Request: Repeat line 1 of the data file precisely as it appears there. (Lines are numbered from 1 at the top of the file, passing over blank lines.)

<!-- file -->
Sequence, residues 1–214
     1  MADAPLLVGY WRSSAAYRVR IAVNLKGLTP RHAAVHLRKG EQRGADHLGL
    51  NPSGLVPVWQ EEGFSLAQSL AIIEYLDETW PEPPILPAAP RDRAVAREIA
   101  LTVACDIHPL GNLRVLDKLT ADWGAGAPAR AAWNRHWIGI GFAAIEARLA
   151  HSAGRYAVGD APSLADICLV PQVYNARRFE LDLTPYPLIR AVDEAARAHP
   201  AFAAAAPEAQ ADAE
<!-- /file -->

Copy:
Sequence, residues 1–214